Let $k$ be a field and $ X = \mathbb{P}^n_k $. I have read that every vector field on $ X $, i.e. every global section of $ \mathcal{T}_X = \mathbf{Hom}_{\mathcal{O}_X}(\Omega^1_{X/k},\mathcal{O}_X) $ is induced by a $ k $-derivation $ E : k(x_0,\dots, x_n) \to k(x_0,\dots, x_n) $ with $ E(x_i) $ being homogeneous linear for all $i$.

Indeed given such a derivation on $ D_+( x_j ) \subset \mathbb{P}^n_k$ we can define a derivation on $$ k[x_0/x_i,\dots,x_n/x_i] \to k[x_0/x_i,\dots,x_n/x_i] \\ \frac{x_i}{x_j} \to \frac{x_j E(x_i) - x_i E(x_j)}{x_j^2} $$ and these glue together. However I don't know exactly how to argue that all vector fields are induced this way.

Given a vector field $V$ and $ f/g \in k(x_0,\dots,x_n)^0 $ ($f,g$ are homogeneous of same degree) let $ A = k[x_0,\dots,x_n,1/g]^0 $. Then $D_+(g) = \text{Spec}(A)$. We have $$ V(D_+(g)) \in \text{Der}_k(A,A) $$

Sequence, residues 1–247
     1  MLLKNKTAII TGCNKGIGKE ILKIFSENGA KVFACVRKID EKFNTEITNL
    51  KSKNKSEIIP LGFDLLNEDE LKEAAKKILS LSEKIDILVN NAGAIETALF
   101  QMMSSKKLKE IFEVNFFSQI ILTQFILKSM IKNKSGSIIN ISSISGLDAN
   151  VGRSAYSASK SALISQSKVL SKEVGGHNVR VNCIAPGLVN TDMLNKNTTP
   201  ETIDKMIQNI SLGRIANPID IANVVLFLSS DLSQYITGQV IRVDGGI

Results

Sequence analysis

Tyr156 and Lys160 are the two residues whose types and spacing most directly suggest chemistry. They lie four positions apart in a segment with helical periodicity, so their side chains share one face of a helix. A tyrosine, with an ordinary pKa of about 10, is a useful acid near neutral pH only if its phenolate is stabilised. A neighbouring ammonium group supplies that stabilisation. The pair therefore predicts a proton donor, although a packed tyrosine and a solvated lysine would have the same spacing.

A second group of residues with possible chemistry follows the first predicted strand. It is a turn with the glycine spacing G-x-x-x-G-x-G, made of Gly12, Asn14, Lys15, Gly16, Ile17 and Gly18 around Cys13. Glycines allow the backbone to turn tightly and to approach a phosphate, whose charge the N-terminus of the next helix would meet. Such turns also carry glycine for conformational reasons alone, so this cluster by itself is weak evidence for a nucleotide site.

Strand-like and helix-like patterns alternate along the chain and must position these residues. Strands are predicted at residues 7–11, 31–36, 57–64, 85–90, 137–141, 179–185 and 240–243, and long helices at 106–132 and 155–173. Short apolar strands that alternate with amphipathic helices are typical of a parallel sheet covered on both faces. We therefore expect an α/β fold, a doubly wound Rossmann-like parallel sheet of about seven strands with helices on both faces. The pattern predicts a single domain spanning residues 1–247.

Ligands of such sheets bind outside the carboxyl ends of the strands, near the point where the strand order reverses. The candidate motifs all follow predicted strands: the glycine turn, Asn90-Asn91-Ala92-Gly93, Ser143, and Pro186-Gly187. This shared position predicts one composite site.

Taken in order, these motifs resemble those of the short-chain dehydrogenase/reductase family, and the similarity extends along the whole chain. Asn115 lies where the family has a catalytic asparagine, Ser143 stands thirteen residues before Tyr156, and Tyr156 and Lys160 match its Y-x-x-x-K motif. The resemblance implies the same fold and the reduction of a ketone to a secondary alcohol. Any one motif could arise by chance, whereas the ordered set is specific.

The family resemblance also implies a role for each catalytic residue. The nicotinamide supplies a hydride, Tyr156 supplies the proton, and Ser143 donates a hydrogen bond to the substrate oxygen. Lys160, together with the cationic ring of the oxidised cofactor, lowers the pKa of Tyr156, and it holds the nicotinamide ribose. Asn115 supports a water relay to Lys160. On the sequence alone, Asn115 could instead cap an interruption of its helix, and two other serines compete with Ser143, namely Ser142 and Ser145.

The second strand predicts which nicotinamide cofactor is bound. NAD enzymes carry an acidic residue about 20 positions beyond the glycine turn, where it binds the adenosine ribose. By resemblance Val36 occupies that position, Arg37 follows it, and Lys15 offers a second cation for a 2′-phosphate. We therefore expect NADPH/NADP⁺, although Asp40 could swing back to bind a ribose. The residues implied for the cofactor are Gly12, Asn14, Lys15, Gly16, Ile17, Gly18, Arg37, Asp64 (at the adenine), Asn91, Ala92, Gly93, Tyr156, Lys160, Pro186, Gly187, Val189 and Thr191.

We can see this for all $g$. Hence $V$ is induced by a $k$-derivation of $k(x_0,\dots,x_n)^0$. But why is this one induced by a derivation $ E $ of $ k(x_0,\dots,x_n) $ and why is $E(x_i) $ linear homogeneous?


From the Euler Sequence $$0 \rightarrow \mathcal{O}_{\mathbb{P}^n}\rightarrow \mathcal{O}_{\mathbb{P}^n}^{\oplus n+1}(1) \rightarrow \mathcal{T}\mathbb{P}^n\rightarrow 0$$ and ${\rm H}^1(\mathbb{P}^n,\mathcal{O}_{\mathbb{P}^n})=\{0\}$ it follows that every global section of $\mathcal{T}\mathbb{P}^n$ comes from a $(n+1)$-uple of linear homogeneous polynomials $(A_0, \dots, A_n)$ modulo the radial $(x_0, \dots, x_n)$ i.e. $$(B_0, \dots, B_n) = (A_0 + cx_0 , \dots, A_n + cx_n) $$ define the same section for every $c\in k$. Therefore, you can define your derivation setting $E(x_i) = A_i$ and vice versa.


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